./configure -with-html-dir=/var/www
make check (optional)
make install

There's already a Makefile target named procallator_run_at_boot_using_chkconfig to start Procallator at boot time on RedHat, CentOS, and chkconfig-based systems. Dr. Zajac is adding different makefile targets to start Procallator at boot time for Debian and Ubuntu systems. He is also working on startup scripts for Orca.

That is all there is to the basic installation, which places the executables in /usr/local/bin by default. At this point, you can issue the procallator command to begin data collection while you go into the configuration phase.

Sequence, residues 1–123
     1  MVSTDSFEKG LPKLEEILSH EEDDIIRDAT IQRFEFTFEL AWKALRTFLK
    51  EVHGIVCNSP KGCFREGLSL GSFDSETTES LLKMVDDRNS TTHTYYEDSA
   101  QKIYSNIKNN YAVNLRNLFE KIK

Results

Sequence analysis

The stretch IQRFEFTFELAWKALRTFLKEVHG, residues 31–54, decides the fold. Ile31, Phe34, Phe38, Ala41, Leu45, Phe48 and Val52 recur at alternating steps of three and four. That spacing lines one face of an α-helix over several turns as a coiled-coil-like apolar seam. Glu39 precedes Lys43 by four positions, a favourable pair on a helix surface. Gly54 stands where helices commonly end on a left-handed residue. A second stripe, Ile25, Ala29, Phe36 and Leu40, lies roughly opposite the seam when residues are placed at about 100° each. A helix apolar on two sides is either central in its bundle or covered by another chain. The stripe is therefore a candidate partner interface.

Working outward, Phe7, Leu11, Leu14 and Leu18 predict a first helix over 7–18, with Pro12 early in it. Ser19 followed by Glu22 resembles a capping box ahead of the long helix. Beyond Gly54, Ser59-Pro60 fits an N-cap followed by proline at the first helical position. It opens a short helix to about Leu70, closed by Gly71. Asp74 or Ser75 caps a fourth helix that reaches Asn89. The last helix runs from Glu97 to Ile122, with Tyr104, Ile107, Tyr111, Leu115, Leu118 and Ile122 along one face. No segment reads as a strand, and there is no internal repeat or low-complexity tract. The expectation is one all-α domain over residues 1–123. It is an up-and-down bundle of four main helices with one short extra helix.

To begin collecting data, issue:

/etc/init.d/procallator start

Procallator will start in background mode and begin data collection using default locations and parameters.

Orca Configuration

The procallator.cfg file is in /usr/local/etc, assuming you used the default configure -prefix setting. procallator.cfg contains the file locations and variables that you can change to meet your specific needs. You can (and should) change the following items to customize your site.

Change the email address to one that will be regularly monitored in case something goes wrong:

warn_email   root@localhost

If you want hourly plots, change the 0 to 1 and vice versa for any of the other time plots. I generally use the hourly plot for watching a system that may be in "trouble."

The following parameters specify which plots to generate:

generate_hourly_plot    0
generate_daily_plot     1
generate_weekly_plot    1
generate_monthly_plot   1
generate_quarterly_plot 1
generate_yearly_plot    1